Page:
HEARTBREAK IN KABU L
Khaled Hosseini’s new novel is a generational saga sustained by the poignancy of sibling bonding
In the art of lost- home- saga, no novelist today outsells Khaled Hosseini. His previous two novels, The Kite Runner and A Thousand Splendid Suns, have sold 38 million copies, and this 48- year- old Afghan- American has become the chosen stylus of a godforsaken place, writing its sorrows and long lost enchantments for a global audience. He may not be the Ivo Andric ( author of the great Bosnian classic The Bridge on the Drina) of war- scarred Afghanistan; he is the Dan Brown, a bit more literary certainly, of national sentimentalism. On his earlier pages, we saw the possibilities of friendship between two unequal boys, as in The Kite Runner, and the trajectory of two women’s connected destinies, as in A Thousand Splendid Suns, set in the backdrop of a land ransacked by history. In the mass market of emotions, the Hosseini story stands apart: It is big, overpopulated and operatic.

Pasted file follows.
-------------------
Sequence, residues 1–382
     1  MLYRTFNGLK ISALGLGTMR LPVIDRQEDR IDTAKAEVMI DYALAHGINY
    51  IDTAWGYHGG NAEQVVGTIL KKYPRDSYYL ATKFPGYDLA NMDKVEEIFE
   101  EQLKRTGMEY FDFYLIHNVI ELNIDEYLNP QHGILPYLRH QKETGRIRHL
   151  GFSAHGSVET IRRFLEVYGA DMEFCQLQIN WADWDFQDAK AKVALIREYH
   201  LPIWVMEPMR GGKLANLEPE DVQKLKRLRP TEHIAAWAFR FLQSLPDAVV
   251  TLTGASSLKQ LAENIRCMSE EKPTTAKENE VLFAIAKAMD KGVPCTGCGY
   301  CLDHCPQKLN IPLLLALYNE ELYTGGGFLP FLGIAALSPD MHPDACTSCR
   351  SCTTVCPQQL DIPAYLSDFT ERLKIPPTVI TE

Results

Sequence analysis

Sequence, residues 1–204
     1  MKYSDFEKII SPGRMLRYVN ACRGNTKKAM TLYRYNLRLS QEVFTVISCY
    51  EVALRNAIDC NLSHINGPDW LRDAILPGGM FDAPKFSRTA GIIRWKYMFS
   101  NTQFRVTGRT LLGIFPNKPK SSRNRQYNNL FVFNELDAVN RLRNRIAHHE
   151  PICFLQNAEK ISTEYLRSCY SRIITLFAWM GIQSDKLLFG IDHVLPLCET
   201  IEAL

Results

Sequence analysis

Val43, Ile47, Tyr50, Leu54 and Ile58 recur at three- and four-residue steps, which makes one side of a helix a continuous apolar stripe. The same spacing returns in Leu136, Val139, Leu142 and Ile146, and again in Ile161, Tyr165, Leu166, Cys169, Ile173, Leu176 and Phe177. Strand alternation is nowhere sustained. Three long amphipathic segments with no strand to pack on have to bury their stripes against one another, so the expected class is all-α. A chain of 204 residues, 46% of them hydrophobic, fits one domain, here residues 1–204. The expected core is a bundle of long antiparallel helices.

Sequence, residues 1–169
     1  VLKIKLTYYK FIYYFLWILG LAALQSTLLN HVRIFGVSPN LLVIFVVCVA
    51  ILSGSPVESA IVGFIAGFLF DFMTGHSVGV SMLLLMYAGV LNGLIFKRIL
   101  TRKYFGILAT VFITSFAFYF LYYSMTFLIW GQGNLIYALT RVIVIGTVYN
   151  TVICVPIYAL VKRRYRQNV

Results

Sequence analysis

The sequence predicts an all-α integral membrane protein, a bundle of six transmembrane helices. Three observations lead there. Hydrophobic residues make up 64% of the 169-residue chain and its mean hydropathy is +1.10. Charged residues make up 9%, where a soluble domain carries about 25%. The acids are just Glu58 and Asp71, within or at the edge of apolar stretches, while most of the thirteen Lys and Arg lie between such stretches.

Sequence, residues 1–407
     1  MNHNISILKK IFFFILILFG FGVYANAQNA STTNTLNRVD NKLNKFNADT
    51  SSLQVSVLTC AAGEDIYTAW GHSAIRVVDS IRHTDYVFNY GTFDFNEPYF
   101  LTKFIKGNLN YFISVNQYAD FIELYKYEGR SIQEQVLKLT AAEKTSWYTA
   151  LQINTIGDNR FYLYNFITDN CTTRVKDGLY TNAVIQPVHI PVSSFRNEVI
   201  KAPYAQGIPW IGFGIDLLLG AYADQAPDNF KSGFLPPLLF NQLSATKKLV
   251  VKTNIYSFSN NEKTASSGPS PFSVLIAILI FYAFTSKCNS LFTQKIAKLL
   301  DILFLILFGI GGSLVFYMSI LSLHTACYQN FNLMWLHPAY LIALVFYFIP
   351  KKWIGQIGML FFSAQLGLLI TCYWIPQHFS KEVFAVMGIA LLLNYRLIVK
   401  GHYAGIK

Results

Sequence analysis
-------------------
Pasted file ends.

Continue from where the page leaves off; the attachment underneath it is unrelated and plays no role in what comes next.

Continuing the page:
His third novel, And the Mountains Echoed, is bigger, spanning generations and continents; and, with the elasticity of a vintage Russian novel, but lacking its psychological or moral depth, it contains all the familiar themes you are likely to find on a good bookshelf: Exile, separation, war, a home in memory, love and betrayal, homecoming and reunion, and the rewards of remembering. It begins with a bedtime fairytale featuring a child- snatching giant and an unlucky, hardworking father who has to make a sacrifice, set in a barren village with little hope. The father won’t regain his son, his favourite one, but he will be spared the pain of memory. The son becomes a void the father is condemned to carry within him for the rest of his happy life. Still, the father “didn’t understand why a wave of something, something like the tail end of a sad dream, always swept through him whenever he heard the jingling, surprising him each time like an unexpected gust of wind. But then it passed, as all things do. It passed”. What Hosseini tells in the next 400 hundred pages is a variation of this fairytale.
At the centre of it is a separation. In the year